What is primary hyperparathyroidism?
Primary hyperparathyroidism is a metabolic disorder in which one (or more) of the parathyroid glands produces too much parathyroid hormone, which can result in the loss of bone tissue. Primary hyperparathyroidism affects about 100,000 people in the US each year, and is more prevalent in women than in men.
A function of the parathyroid hormone is to keep blood-calcium levels from going too low by releasing calcium from bones, conserving calcium that would be excreted by the kidneys, and increasing calcium absorption from food. When the hormone overacts, the result is a rise in the blood-calcium level.
When one parathyroid gland becomes enlarged, the condition is called adenoma. When more than one becomes enlarged, the condition is called hyperplasia. Both of these conditions are benign (non-cancerous).
Too much parathyroid hormone causes too much calcium to be released from bone.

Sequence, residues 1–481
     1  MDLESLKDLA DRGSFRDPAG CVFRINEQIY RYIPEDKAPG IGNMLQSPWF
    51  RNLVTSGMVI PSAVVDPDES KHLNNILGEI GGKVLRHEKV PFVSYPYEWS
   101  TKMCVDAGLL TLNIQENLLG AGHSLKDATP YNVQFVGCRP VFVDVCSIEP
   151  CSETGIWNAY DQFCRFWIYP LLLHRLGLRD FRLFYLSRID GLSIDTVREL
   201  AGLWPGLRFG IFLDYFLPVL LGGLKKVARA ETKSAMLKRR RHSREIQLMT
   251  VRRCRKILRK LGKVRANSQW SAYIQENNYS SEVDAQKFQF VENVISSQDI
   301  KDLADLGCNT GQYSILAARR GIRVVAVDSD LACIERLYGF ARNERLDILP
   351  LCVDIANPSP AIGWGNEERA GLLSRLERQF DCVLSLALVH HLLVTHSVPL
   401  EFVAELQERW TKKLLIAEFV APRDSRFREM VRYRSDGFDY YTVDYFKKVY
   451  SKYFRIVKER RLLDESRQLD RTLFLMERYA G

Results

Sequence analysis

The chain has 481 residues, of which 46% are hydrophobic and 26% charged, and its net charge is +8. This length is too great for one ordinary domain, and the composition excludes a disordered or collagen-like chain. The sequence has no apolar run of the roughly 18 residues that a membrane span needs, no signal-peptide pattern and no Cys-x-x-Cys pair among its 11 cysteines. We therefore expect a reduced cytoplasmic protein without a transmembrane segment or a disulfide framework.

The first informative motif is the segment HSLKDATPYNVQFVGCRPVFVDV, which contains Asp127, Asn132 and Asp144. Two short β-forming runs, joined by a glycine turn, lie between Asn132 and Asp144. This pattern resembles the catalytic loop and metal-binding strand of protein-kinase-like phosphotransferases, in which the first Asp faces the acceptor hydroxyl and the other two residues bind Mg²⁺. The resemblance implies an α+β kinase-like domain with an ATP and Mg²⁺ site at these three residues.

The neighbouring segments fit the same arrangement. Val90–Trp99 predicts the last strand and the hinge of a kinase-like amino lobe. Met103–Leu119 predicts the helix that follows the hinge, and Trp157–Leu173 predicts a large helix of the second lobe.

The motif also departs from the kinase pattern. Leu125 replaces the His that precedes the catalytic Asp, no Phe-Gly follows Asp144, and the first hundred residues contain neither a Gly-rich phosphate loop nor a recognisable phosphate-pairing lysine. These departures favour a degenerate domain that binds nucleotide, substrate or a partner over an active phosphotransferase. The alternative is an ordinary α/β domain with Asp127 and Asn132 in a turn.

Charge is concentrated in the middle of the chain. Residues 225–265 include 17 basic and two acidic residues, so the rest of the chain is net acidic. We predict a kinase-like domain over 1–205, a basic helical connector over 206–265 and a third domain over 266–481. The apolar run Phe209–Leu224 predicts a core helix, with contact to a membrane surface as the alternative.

What causes primary hyperparathyroidism?
In some cases, no cause can be identified. Some known causes include benign (non-cancerous) tumors on the parathyroid glands, or enlargement of the glands.
Treatment for primary hyperparathyroidism:
Specific treatment for primary hyperparathyroidism will be determined by your physician based on:
- your age, overall health, and medical history
- extent of the disease
- your tolerance for specific medications, procedures, or therapies
- expectations for the course of the disease
- your opinion or preference
Surgery to remove the affected gland may be performed. Treatment may include continual monitoring with bone densitometry to reveal loss of bone tissue, and to determine if surgery may be a necessary treatment.